For cognacs that display a high level of complexity, cocktails should be avoided. These types of cognacs can be very expensive, and with how much time and preparation goes into creating them, their original flavors should be appreciated.

The proper way to serve Cognac

The two main ways that cognac is served are on the rocks or straight. Basically, these terms just mean with ice or without.

Some people might judge you for sipping a glass of cognac served on the rocks because some cognac enthusiasts are adamant about sipping their drink straight. But you should enjoy your cognac however you prefer. The ice may water down the spirit a bit, but if you sip it promptly, you shouldn’t have too much of an issue.

Certain styles of the drink work better for certain scenarios as well. For example, a cognac on ice is perfect for dinner. But if you’re snacking on a dessert, it might be best to just drink it straight.

In terms of glassware, there is no specific vessel that cognac is served in. However, you do want to avoid balloon glasses. They’re just too big. Balloon glasses will trap in the aromas of your cognac, which you don’t want.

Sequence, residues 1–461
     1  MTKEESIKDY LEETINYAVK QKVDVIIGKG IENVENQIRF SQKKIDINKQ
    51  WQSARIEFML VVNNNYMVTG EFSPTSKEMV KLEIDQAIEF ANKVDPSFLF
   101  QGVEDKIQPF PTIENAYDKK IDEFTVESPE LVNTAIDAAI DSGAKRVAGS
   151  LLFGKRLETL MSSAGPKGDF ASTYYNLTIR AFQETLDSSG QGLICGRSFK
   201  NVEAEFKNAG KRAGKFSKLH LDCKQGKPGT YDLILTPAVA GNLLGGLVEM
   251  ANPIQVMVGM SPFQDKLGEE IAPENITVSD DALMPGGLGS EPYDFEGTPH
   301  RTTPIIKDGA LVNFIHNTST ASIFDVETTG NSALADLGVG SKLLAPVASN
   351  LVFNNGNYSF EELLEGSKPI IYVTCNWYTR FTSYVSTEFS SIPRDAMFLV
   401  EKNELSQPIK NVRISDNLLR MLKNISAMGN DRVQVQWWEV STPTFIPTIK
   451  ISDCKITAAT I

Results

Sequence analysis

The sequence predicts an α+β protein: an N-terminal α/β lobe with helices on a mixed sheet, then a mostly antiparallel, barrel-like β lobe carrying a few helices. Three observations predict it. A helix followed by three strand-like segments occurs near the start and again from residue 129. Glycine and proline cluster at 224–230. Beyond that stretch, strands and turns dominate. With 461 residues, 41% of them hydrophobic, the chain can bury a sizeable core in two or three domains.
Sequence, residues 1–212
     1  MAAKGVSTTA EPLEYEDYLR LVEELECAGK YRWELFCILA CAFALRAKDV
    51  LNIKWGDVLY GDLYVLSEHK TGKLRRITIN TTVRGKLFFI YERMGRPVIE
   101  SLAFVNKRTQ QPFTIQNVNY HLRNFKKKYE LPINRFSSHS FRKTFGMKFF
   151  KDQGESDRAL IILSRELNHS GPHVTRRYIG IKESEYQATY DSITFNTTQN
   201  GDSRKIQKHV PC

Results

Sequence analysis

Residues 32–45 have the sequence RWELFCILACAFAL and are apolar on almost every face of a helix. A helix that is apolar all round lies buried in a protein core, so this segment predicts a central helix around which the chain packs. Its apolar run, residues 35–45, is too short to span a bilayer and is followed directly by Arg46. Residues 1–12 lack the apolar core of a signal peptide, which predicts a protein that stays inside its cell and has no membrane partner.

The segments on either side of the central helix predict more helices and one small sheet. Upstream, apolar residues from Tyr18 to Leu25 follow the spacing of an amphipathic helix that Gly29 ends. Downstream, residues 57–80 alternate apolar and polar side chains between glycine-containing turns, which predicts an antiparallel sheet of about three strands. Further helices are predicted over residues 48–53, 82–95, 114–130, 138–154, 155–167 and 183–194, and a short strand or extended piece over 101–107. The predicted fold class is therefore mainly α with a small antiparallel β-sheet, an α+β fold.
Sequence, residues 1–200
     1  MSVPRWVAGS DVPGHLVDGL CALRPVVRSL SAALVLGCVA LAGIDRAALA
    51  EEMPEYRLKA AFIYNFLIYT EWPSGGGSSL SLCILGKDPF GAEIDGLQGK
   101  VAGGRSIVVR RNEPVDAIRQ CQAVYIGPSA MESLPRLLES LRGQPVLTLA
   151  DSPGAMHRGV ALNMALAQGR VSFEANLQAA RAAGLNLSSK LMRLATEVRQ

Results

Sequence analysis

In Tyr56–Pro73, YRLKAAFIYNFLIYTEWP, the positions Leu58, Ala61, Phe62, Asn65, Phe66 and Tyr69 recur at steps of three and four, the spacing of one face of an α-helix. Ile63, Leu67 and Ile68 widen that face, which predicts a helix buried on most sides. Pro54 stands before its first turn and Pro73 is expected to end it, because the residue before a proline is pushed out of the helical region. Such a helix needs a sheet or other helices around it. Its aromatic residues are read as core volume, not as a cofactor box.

A tulip or white wine glass will work well for your cognac. Since cognac is made from wine, you want to be able to swirl it and sniff it.

Creative, fun cocktails

Despite the critics of cognac cocktails, this brandy actually works very well with mixed drinks. Depending on what mixers, fruits, and herbs you use, the ingredients in your cocktail can greatly highlight the cognac’s flavors.

One of the most classic cognac cocktails you can make is the Sidecar. This drink has existed since the early 1900s and is closely related to the beloved Margarita. This is one of the more balanced cocktails on our list, including both sweet and tart notes. It contains multiple layers of warmness, crispness, and dryness. To make this cocktail, all you need is cognac, Cointreau, and lemon juice.

Another delicious cognac-based cocktail is the French Connection. This might be the easiest cocktail to make on our list. All you need is cognac and amaretto. Just serve it over ice, and you’re good to go. This drink is known for its heavy taste of almonds. For how simple this cocktail is, it provides some great depth.